We try to embrace what Irish Christmas traditions have to offer, although we have lots to learn. Christmas cake isn’t a big thing for us, but we love mince pies! However, if you shop at Supervalu around Christmas, they give you a Christmas cake for free. Isn’t that lovely? Sadly I can’t eat it since I’m coeliac, so my husband still had Christmas cake left in the freezer in the summer. 😂 Mince pies are a must, and we’ve also tried Christmas pudding, which is lovely when served as it’s supposed to, hot with cream and possibly brandy sauce (in our case, whisky sauce perhaps). It’s VERY rich though and you can only eat very little of it, so this year we’ll try to find a small bit of gluten-free Christmas pudding so that we can share it.
Chocolate – nuts or fruit?
Absolutely with nuts! But we usually buy a box of Cadbury Roses chocolates, if we get chocolate at all. We mostly make our own Christmas sweets, and this year I plan to make some nice fudge.
The first year we sort of tested the waters when it comes to developing our own Christmas traditions. We had a really good time! Swedish people celebrate Christmas mainly on Christmas Eve, so we started preparing on the 23rd, making the knäck (a special toffee), ham, meatballs and more. In 2019 we didn’t yet have an oven – so we made the Christmas ham in the barbecue, and I also made a gluten-free ginger spongecake in it! I’m still fascinated by how well that worked.
We had Christmas lunch with some typical Swedish foods, enjoyed some glögg, played tunes, and later went to town to join the Christmas music session in the pub. Such happy days when you could do things like that! We took a walk in town afterwards and had a drink at DeBarra’s.
Last year obviously was different but we had a good Christmas. We were more used to not being with our families over Christmas, so it wasn’t that strange anymore. The cooking and preparing were the same but with an oven this time. While we waited for the food to be ready, had the fire on in the kitchen stove and played some tunes. Whether pubs can be open or not – we will still play music! We had a chat with my family in Sweden using Facebook Messenger with video, and later also with my husband’s family.
After dinner, we sat down to enjoy a rather premium whiskey, a 25-year-old Bushmills that was released earlier that year as a part of their Causeway collection series. I had bought a bottle of the 12-year-old that was released at the same time, but the price of the 25-year-old was… let’s just say, nothing like what I’m ready to spend on a whiskey (and my bar is quite high compared to most people, so imagine!). But I had been able to get a sample set so that we could at least taste it. The funny thing is that I didn’t even like it!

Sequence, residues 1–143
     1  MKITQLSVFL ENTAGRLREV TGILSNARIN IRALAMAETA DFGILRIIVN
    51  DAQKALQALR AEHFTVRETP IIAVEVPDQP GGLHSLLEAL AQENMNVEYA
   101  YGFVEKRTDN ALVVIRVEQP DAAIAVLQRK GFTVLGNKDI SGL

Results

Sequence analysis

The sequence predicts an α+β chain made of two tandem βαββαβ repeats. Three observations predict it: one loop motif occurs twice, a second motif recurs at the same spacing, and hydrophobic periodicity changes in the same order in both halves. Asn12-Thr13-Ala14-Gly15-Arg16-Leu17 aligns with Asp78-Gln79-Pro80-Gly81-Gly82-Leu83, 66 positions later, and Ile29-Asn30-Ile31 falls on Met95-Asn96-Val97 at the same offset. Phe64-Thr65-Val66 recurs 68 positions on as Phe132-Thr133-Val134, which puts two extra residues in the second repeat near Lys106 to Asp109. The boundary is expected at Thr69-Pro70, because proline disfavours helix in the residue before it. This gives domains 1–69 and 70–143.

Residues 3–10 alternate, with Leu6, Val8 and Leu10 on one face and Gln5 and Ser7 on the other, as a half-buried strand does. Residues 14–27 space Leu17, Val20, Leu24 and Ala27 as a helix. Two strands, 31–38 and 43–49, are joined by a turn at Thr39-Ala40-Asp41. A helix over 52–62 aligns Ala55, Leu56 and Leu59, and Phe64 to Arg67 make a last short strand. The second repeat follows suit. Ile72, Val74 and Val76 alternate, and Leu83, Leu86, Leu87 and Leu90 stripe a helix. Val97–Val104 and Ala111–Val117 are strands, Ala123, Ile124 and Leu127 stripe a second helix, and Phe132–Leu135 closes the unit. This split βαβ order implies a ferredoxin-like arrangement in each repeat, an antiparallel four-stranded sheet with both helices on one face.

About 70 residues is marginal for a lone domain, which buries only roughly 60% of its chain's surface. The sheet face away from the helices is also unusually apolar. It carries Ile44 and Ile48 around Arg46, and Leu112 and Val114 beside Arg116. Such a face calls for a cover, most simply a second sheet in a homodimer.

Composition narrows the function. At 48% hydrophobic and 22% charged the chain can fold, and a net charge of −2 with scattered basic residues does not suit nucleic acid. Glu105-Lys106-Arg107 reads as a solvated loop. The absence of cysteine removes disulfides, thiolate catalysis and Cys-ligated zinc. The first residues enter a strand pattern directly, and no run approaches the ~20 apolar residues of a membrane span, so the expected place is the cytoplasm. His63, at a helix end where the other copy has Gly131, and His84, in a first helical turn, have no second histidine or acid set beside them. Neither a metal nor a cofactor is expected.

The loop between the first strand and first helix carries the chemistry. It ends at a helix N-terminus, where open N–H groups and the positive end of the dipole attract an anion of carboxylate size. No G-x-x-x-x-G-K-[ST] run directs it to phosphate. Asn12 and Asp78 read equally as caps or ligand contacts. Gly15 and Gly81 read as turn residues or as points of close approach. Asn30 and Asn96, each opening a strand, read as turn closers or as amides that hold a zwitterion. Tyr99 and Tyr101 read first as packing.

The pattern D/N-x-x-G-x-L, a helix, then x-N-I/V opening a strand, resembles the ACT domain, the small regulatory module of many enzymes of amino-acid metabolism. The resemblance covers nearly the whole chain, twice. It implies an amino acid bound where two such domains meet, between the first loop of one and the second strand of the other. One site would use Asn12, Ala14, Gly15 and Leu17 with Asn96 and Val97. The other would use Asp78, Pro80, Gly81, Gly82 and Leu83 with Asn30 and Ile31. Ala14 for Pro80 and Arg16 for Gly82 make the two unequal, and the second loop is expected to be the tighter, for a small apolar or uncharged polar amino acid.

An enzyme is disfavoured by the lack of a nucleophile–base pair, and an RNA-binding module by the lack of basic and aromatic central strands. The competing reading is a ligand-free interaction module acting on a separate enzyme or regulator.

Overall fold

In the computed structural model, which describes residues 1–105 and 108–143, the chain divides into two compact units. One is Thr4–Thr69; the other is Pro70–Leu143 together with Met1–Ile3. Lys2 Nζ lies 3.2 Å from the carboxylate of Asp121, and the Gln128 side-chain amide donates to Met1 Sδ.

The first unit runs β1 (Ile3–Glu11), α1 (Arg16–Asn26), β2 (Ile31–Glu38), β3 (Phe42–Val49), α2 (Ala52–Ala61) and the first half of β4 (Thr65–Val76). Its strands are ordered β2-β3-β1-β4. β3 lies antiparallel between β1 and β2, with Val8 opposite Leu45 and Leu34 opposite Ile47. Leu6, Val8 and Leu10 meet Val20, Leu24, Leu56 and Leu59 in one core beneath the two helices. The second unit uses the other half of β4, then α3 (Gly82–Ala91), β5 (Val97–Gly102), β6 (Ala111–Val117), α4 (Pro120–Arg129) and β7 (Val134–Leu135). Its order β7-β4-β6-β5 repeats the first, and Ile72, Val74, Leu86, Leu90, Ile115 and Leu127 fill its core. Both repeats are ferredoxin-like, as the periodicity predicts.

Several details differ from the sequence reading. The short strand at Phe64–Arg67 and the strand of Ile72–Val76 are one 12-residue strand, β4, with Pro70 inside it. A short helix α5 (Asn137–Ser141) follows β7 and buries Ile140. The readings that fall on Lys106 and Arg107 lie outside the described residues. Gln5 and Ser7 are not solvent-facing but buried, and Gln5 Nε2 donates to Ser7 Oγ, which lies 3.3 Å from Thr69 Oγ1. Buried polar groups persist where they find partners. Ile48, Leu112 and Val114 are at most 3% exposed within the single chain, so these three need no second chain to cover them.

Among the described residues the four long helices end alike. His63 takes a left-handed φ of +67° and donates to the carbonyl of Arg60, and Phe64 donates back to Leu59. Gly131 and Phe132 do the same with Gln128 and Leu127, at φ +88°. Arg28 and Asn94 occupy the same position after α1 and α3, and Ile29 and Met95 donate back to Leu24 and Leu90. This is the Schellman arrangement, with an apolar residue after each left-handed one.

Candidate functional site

2020 was a very strange year and we needed some light-hearted and nice movies to see and decided on the classic Swedish comedy film series Sällskapsresan. An absolutely fabulous choice!
I think that our own tradition is quite established. Cooking together, making sweets, having a lovely Christmas dinner, playing music, having a drop of a special whiskey and watching films. This is the pandemic-style Christmas. I’d love to include more social activities in our Christmas celebrations in the future!
What’s on the table?
We love our Swedish Christmas food, and even if we’ve planned to make turkey à la Irish traditions on Christmas day, it hasn’t happened yet. Maybe this year, if we’re clever enough to not make too much of the other dishes.
We don’t have a huge Christmas buffet but make our favourites – a special Christmas ham baked in the oven with (gluten-free) breadcrumbs and mustard (this is the only way I can eat mustard), meatballs with allspice, Janssons frestelse which is a sort of potato gratin with anchovies and cream, and this year I’ll try to add something nice with fresh vegetables. Julmust is a special soft drink that has a secret recipe (or so they say), it’s based on malt extract and is very sweet. I don’t know how I could explain it to someone who hasn’t tasted it! But it is a part of most Swedish people’s Christmas dinners. I can’t handle too sweet drinks anymore, and nowadays I prefer red wine or a gluten-free ale from 9 White Deer brewery near Macroom.
I have many lovely Christmas memories. From my youth, celebrating with my family, but also from the year I worked as an au-pair in Italy and stayed there for Christmas. I was invited to celebrate Christmas with a family I knew from church (the same people who invited me to a Scandinavian advent party), and they had also invited the church organ player who was American. We had a great time! We had dinner for 4 hours. Remember, this is Italy we’re talking about! Lots of different dishes, drinks, desserts. Afterwards, we played games and sang Christmas songs together. They even had a Christmas gift for me, so thoughtful of them!
All I want for Christmas is…
- I want us, and our friends and families to remain healthy and that we can see them soon again.
- I want Covid to disappear or become harmless like a seasonal flu or cold.
- I want us to continue to enjoy our new Christmas traditions and have a good and cheerful time also this year.
So how do we like Christmas in Ireland? It’s very mixed. Christmas is so bound to tradition, and culture. To me, certain elements have to be there for me to get the Christmas feeling – it’s a lot about food, scents, visual elements. Our traditional decor, the smell of glögg and ginger biscuits, hyacinths. But Ireland isn’t particularly different to Sweden when it comes to spices and decorations – some of it just comes in different forms. I love the Christmas period here, there’s a lovely atmosphere in town and normally lots of nice events happening. We have brought our most important Christmas traditions to Ireland, and hope to mix in more of the Irish festivities when we can be out and about more. In the future, it would be truly lovely to see friends during the Christmas period, have a drink, play music, have dinner together.
It was a very emotional journey to write this post! But I’m glad I did it, and I’m looking forward to reading everyone else’s post!